“I believe there has been an increase in shootings. However, until we use uniformed methodology in comparing shootings each year I can’t accurately speak to the increase/decrease,” Rojas said.

But he did point to the department’s official crime statistics that are reported each year to the FBI.

That data shows that the total violent crime rate this year has increased 7.4 percent compared to last year and 22 percent since 2012. It’s up 15 percent compared to the average for the past decade.

(Click here to read the crime data provided by Rojas.)

The pay raise proposal was put on the agenda by Mayor Miguel Pulido, who has developed a strong relationship with the new union leadership. But Pulido wasn’t at Tuesday’s meeting to defend his item, apparently because of delays returning from a vacation in Montana.

Councilman Roman Reyna was also absent, and Councilwoman Michele Martinez participated by phone earlier in the meeting but left before the police item came up.

Council members who were at the meeting said it would be irresponsible for them to approve the requested pay raise until they know there’s enough money in the budget to support it. City staff estimated the raises would cost $3 million per year.

The city was pushed to the brink of bankruptcy a few years ago, Tinajero said, largely because “people were cutting political deals, and it was not helpful to our residents.”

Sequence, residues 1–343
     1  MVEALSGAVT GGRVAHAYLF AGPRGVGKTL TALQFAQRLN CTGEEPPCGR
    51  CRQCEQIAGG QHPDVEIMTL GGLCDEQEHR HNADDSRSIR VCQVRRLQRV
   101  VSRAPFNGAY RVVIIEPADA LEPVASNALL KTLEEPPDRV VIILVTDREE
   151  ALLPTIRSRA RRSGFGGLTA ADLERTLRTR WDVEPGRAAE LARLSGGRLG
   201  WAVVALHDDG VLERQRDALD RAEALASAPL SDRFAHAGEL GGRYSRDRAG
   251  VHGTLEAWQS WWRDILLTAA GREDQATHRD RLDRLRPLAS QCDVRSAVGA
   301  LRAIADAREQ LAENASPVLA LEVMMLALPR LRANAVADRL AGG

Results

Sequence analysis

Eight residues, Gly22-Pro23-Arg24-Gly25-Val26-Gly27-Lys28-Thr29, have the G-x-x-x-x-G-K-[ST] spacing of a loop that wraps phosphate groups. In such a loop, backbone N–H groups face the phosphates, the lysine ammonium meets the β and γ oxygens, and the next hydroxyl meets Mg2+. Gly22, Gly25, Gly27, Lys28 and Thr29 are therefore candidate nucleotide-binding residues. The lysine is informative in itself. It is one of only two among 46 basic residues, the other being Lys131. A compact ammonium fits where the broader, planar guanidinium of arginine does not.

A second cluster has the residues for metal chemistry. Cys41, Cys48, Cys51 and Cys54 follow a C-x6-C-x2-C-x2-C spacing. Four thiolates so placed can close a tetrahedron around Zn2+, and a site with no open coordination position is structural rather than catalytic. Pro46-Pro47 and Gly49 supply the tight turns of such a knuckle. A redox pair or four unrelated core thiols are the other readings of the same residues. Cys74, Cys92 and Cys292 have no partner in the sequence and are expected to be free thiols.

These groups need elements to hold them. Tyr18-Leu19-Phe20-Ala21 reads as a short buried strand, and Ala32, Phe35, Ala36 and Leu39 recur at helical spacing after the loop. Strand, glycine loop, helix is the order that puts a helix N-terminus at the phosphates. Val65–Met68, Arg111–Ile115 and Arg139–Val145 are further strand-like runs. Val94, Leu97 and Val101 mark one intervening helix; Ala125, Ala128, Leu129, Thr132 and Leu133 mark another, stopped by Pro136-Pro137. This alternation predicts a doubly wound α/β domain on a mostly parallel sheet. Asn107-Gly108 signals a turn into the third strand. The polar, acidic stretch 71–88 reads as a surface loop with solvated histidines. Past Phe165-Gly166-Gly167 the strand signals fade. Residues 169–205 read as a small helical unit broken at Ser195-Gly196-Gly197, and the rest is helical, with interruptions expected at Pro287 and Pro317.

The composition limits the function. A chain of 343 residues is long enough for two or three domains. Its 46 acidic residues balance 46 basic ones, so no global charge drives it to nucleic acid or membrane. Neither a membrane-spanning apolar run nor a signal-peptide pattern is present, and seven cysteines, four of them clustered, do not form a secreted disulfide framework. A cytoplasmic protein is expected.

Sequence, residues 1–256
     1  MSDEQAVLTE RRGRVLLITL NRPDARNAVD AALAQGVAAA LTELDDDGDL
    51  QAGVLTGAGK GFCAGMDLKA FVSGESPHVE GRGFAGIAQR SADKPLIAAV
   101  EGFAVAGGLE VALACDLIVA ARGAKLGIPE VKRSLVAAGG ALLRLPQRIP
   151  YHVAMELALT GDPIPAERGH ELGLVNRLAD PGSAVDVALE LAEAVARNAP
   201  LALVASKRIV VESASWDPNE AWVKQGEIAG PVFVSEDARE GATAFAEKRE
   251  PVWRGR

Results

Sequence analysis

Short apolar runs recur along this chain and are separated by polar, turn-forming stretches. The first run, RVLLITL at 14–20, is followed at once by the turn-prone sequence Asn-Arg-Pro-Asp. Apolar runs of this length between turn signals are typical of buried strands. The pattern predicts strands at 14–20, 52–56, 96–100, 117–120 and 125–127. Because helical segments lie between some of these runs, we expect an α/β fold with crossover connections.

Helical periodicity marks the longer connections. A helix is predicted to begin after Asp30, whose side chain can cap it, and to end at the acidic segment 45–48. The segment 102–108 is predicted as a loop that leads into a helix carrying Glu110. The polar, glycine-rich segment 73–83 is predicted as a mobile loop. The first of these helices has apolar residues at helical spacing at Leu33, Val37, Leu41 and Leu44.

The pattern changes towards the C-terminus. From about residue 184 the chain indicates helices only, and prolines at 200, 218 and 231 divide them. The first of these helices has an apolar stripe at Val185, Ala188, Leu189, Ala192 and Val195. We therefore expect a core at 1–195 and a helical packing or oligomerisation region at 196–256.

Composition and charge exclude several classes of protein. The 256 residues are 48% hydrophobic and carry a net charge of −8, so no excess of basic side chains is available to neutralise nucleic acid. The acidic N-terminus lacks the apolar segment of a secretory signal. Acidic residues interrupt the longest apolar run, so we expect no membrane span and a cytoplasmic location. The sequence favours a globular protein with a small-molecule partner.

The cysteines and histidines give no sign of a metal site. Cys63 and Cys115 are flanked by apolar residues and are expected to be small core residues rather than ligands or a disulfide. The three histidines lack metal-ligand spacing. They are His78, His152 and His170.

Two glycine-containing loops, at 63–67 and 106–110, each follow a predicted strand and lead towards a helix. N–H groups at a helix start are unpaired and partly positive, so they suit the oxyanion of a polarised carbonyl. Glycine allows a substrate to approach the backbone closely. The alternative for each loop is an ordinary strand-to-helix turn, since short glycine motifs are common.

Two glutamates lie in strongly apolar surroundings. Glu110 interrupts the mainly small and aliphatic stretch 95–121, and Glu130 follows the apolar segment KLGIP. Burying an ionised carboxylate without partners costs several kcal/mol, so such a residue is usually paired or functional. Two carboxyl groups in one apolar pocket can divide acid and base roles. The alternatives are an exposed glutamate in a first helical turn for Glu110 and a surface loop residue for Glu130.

As for officers leaving, Cavazos said the department has in fact added 44 officers in last three years. “We’re actually adding a lot more officers than we had previously,” he said.

The four council members at the meeting said they had three options for the pay raise proposal: they could have delayed it to a future meeting where Pulido could argue for it, they could have simply not voted on it, or they could take a vote to kill the item.

They opted to kill the item, voting 4-0 to not approve it. The vote was by council members Tinajero, Amezcua, Vincent Sarmiento, and David Benavides.

“I think we have to do what’s right for our officers and not what’s right for politics,” said Tinajero. “This is not easy for me to say. In fact it can be a little dangerous for me to say.”

Benavides said there needs to be “trustworthy communication” and “honest communication” between the police union and city leadership.

“Some of those bridges are being broken or burned, or there is a lack of really trying to work together,” Benavides said. “Frankly I think it’s a misrepresentation of those hard-working officers that I described.”

Serrano, meanwhile, says council members are the ones breaking bridges.

“I think it is the council that is not being honest and utilizing their entrusted authority to mislead the community in stating crime is down and there are no problems with the police department,” he said.

From Voice Of OC